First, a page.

It was a dicey moment at the time. I had to react quickly to go straight off, then turn and gas it right before hitting the tire wall, which vectored me away so that I only grazed the right rear. But this gave me more speed which I had to scrub quickly to avoid getting T-boned in T18. I stopped it before re-entering the track, barely.
These are, unfortunately, the moments I live for.
This was my first time with a three-driver team, and I prefer four. We had a lot of downtime in the pits fixing shit, and a fourth hand is helpful for that, and if we didn’t break so often, we’d have had the same amount of track time anyway.
I haven’t mentioned our new teammate Stephen Kent. Tom found him on the Lemons Rally, and so I already knew he was good people. What I didn’t know is that in his first race ever, he’d impress the hell out of me.
Stephen was fast (2.8 seconds off me), did a lot of work on the car, bought food and drinks, and generally was the ideal teammate. Never mind the fact that this autocrosser (I’m making the X sign and backing away) had no previous racing experience and had never been to PittRace, he had excellent situational awareness, stayed out of trouble, got consistently faster, and played up the theme to a 10. Yes, he was the one that blocked the track exit at the end of the race. PittRace officials didn’t find this funny, Lemons people did.
We also had a pit crew member Ari, and he was a great help all weekend. He’s been doing some autocrossing, and with some help from Stephen, maybe we’ll have a fourth teammate after all.
Staying “in theme” and Lemons Wrap-up
To be theme-tastic, we purposefully stuck our van in as many places as we could: We blocked the tech garage in the morning; We held up traffic at track in, and track out; When we were pulled in for a penalty, we wedged the car between the building and a pole. We were Everturrible.
24 Hours of Lemons did a wrap up video on the race, and we are featured singing a Whitney Houston song, and generally playing up our theme by being assholes.
Tires and Data
As promised here’s some interesting tire data comparing the Accelera 651 to the Nexen NFera Sur4G. I chose a couple representative laps from each without traffic. (If you want to measure your laps vs a portly minivan, my best lap was a 2:23.135 with a top speed of 97.4 mph.)
On the speed trace, Nexen is red and Accelera is blue. You can see the Nexen makes a better lap time by about 1.5 seconds, but what’s interesting is where the Accelera if faster: on the straights. Once into high gear, the 651s have less drag, less rolling resistance, and less weight, and this translates into a consistently higher top speed.
The Accelera’s are the lightest 225 street tire I’ve weighed and are a couple pounds lighter than the Nexens. When you put both 225 tires on their sides, you can see the 651 is a narrower tire. This weight and narrowness is probably where the top speed comes from.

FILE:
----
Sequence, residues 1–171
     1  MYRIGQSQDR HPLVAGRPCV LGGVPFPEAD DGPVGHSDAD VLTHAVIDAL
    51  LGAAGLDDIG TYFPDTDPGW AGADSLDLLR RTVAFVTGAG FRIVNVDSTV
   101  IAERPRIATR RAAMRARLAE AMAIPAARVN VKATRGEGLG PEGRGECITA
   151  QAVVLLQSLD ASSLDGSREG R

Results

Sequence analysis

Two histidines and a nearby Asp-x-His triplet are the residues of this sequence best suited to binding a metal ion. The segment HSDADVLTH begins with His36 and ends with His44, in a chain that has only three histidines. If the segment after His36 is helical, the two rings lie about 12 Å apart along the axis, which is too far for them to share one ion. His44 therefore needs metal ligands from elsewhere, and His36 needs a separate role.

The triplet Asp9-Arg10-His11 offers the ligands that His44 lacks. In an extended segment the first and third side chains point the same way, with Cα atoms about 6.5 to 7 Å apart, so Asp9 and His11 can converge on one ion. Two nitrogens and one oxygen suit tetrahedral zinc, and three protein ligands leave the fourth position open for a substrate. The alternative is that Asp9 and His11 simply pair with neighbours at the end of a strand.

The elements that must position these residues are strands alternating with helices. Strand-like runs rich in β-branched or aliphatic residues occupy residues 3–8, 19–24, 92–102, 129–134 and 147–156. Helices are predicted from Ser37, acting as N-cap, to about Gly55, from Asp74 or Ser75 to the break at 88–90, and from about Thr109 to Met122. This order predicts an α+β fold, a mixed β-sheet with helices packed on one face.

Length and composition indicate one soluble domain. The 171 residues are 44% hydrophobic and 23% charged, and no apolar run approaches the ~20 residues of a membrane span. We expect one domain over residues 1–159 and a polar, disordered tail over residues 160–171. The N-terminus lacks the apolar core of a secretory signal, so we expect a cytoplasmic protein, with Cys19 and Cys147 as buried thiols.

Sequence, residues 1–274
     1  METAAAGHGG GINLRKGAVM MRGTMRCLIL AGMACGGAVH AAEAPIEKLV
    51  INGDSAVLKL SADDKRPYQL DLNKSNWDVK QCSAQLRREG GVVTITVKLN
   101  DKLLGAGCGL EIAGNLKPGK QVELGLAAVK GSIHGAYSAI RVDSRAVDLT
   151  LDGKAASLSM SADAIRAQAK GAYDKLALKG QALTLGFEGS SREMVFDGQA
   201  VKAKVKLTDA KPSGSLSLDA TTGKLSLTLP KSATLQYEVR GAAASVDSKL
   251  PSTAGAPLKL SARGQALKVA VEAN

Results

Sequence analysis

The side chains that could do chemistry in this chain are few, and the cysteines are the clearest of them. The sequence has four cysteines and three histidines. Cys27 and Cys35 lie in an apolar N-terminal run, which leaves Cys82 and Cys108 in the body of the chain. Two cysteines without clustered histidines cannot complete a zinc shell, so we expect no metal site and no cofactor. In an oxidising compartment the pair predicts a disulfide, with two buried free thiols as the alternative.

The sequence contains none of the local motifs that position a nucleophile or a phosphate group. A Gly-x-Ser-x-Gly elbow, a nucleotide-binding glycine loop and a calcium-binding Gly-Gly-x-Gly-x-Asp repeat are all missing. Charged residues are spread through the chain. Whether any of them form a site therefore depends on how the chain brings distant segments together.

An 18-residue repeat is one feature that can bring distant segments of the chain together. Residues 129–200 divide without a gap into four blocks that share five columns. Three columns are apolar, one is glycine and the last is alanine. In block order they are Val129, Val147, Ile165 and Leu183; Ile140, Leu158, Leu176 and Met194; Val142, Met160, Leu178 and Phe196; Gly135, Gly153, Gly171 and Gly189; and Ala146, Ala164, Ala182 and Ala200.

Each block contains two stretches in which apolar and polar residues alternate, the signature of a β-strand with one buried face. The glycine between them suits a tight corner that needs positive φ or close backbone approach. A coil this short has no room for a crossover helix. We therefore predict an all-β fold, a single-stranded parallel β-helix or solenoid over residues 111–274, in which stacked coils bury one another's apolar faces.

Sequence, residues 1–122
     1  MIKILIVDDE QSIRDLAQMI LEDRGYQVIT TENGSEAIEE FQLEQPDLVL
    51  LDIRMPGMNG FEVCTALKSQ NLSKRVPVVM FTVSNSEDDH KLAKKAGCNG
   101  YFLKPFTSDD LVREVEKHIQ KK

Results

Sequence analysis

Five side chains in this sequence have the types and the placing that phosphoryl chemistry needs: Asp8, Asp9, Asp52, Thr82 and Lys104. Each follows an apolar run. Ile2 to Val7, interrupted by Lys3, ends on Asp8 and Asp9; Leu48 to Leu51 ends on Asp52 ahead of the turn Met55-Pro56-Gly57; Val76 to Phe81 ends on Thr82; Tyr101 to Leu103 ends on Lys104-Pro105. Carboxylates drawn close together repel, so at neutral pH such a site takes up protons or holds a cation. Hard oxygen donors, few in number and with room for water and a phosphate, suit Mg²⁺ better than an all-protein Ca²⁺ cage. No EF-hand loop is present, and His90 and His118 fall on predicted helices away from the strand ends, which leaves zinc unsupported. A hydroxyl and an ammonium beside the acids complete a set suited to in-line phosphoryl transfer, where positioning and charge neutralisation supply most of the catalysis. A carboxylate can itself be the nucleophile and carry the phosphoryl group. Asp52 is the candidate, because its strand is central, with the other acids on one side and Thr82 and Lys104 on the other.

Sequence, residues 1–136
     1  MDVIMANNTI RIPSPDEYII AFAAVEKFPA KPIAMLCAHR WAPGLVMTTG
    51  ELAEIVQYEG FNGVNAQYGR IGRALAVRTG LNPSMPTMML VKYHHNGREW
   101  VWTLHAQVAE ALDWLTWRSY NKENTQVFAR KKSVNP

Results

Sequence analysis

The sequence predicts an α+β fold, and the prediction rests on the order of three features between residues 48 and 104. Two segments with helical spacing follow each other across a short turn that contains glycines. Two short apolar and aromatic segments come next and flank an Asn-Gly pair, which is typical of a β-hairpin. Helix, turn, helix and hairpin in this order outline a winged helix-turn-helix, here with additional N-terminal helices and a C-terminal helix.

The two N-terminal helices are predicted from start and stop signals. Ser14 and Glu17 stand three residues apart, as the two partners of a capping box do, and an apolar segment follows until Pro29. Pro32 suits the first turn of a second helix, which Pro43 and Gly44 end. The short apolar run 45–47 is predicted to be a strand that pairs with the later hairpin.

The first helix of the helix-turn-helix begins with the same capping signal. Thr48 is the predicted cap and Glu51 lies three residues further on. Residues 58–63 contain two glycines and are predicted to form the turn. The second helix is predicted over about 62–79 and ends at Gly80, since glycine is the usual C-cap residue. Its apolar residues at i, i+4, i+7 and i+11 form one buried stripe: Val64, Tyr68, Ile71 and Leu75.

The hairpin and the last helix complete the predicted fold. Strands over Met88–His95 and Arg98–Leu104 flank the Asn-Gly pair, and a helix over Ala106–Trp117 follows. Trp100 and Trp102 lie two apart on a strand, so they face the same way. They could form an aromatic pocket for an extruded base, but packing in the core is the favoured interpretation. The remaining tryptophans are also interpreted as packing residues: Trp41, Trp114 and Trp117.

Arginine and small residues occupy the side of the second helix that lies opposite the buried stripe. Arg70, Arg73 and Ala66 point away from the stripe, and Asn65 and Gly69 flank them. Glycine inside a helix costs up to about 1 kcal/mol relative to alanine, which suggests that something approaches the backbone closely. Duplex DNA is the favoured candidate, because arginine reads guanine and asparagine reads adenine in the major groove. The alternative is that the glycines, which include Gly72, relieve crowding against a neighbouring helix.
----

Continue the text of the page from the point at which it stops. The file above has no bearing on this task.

Next take a look at lateral Gs, and this is where you can see the Nexen’s have an advantage. And they should. Sur4Gs are known to be a 200 TW autocross tire, and the 651 is a budget 200 TW tire. You can see that the red lines are both higher and lower than the blue lines, indicating more grip (low means left turn, high means right turn).
As for how they drive, I liked both, but I was able to trail brake better on the Nexens. In the friction circle, you can see the red lines are not only wider than the blue lines, but more bulbous shaped, meaning I can blend inputs better.
I drove the Acceleras slightly better than my teammates. They were about 2.5-3 seconds slower on the 651s than the Sur4Gs, while I was only 1.5 seconds slower. I practice on all-season tires, and so I’m used to a car that moves around a lot. It could be that training, or it could be that their driving styles don’t mesh as well with this tire.
Anyway, the Accelera is a slower tire, but it still might be a good endurance racing tire, the jury is still out. I need to get these tires on a Miata with proper camber, and not a FWD van that destroys anything you put on it. I have a feeling that the three grooves on the 651 will make it a good wet tire.
I sent this data and some comments over to Kaylee at Tire Streets, to say that I’m intrigued by the tires, but until you come out with a wider 15″ tire, I’m not buying. First, because all they offered was a 195/50-15, and second, 651s seem to run narrow. Well, not long after sending that email I found out the Accelera 651 is now available in both a 205/50-15 and a 225/45-15. I bought them immediately.
My plan was to A/B test them at the NJMP Lemons race vs RS4s, but due to recent circumstances (which you can read in maybe the next late race report), I have not tested them yet. I can tell you that the 651s measure exactly the same width as 225 Maxxis RC1s, and so they might not run narrow in this 15″ size.
24 Hours of Lemons is a weekend of fun on and off track. It’s not just about racing, it’s about having a good time. The series is going more and more towards performance cars, but I wish more people brought shitty cars with themes.